Parkett #79

Volume 79 of the influential international art journal Parkettfeatures Jon Kessler, Marilyn Minter and Albert Oehlen. In the tinkered gadgetry of Kessler’s retro sci-fi installations, we peek through surveillance cameras to see our own image among his analog programs crammed with detritus of all kinds. Kessler’s vista of (d)evolved cyberstuff is in a manic state of accumulation, as this data-diving artist masters the ecology of pure information. Within Marilyn Minter’s fetishistic, flawless pictures, we find a painter obsessed with the clear articulation of magnified sweat beads and pore-smeared glitter. In each successive lip-smacking painting, Minter sets out to perfect beauty’s disguise, affirming both her pleasure in fashion imagery, and an appreciation of its vulgar mishaps–say, a drag queen’s eyelashes clumped together with too much mascara. According to essayist John Kelsey, Albert Oehlen’s collage-paintings “seem almost bored of their own shock-value.” And yet this artist, one of the most significant German painters of the past 20 years, can make boredom look like a rigorous, if not delirious experiment. Also featured: Spencer Finch, Gelitin and Mark Wallinger, as well as essayists Paul Bonaventura, Mark Godfrey, Glenn O’Brien, Katy Siegel, Andrea Scott and Pamela Lee, to name a few.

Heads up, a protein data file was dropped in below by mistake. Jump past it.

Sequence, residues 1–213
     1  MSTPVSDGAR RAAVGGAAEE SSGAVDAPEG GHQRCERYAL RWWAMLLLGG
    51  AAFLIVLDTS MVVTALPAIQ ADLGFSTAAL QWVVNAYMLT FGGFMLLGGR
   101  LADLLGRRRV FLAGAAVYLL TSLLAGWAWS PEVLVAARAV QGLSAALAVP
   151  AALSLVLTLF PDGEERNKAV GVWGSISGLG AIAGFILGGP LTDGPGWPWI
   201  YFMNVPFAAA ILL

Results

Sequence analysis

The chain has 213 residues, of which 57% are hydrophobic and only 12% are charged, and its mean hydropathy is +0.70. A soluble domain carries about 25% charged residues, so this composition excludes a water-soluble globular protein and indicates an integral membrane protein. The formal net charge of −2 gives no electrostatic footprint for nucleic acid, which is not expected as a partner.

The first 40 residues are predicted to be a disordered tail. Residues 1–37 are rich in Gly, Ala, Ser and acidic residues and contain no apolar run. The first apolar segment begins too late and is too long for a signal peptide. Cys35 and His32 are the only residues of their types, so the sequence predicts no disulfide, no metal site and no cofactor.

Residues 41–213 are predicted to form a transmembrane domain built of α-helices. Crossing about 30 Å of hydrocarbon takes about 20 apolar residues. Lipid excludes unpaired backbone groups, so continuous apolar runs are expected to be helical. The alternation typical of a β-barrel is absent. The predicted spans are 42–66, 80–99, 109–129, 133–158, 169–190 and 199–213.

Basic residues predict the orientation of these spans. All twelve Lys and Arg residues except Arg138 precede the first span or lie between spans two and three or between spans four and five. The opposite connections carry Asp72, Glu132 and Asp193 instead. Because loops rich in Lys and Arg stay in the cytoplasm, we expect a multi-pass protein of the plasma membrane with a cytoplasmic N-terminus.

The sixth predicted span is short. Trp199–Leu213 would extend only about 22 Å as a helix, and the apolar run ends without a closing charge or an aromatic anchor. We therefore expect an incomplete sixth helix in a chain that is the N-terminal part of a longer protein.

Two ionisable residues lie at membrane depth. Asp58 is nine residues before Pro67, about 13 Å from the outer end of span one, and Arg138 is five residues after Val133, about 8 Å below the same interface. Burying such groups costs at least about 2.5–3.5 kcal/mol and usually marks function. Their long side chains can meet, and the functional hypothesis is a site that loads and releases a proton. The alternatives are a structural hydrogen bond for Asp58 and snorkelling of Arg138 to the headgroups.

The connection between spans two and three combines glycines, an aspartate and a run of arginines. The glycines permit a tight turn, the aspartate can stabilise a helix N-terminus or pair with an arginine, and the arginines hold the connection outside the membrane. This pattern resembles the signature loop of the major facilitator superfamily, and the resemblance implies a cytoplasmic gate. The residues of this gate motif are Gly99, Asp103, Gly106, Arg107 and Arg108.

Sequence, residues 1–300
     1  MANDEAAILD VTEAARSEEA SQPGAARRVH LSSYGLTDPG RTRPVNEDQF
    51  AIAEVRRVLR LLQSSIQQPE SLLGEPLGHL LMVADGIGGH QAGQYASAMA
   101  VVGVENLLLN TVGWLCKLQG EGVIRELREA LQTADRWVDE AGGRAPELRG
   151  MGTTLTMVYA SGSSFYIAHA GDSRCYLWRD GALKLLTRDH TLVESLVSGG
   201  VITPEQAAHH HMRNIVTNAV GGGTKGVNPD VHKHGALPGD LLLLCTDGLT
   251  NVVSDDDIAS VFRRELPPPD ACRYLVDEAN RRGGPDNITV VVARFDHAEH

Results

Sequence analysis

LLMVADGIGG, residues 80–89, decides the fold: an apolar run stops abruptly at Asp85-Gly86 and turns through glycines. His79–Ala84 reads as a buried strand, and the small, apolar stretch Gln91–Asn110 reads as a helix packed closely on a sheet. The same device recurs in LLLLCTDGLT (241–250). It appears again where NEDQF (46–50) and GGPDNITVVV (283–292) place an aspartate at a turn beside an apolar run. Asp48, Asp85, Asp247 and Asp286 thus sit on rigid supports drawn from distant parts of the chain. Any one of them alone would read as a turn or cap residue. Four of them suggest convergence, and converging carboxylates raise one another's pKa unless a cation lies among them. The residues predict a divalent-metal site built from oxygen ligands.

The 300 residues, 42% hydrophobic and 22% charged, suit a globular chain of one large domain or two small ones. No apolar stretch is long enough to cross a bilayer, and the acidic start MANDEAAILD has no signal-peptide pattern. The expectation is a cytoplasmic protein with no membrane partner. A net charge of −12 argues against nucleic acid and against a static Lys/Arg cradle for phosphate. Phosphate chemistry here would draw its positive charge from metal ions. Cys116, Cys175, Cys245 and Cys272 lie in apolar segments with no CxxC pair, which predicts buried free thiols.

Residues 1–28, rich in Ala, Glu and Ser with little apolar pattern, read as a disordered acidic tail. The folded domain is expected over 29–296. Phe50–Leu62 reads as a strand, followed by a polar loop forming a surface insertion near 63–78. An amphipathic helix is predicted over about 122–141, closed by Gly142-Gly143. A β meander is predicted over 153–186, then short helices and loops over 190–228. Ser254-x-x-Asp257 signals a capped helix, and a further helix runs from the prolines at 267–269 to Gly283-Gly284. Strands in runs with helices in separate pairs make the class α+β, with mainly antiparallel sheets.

pp. 300; paperback. Publisher: Parkett Verlag, Zurich, 2010.

ISBN: 9783907582398| 390758239X

 30,00

ID: 13393

Product Description

Volume 79 of the influential international art journal Parkettfeatures Jon Kessler, Marilyn Minter and Albert Oehlen. In the tinkered gadgetry of Kessler’s retro sci-fi installations, we peek through surveillance cameras to see our own image among his analog programs crammed with detritus of all kinds. Kessler’s vista of (d)evolved cyberstuff is in a manic state of accumulation, as this data-diving artist masters the ecology of pure information. Within Marilyn Minter’s fetishistic, flawless pictures, we find a painter obsessed with the clear articulation of magnified sweat beads and pore-smeared glitter. In each successive lip-smacking painting, Minter sets out to perfect beauty’s disguise, affirming both her pleasure in fashion imagery, and an appreciation of its vulgar mishaps–say, a drag queen’s eyelashes clumped together with too much mascara. According to essayist John Kelsey, Albert Oehlen’s collage-paintings “seem almost bored of their own shock-value.” And yet this artist, one of the most significant German painters of the past 20 years, can make boredom look like a rigorous, if not delirious experiment. Also featured: Spencer Finch, Gelitin and Mark Wallinger, as well as essayists Paul Bonaventura, Mark Godfrey, Glenn O’Brien, Katy Siegel, Andrea Scott and Pamela Lee, to name a few.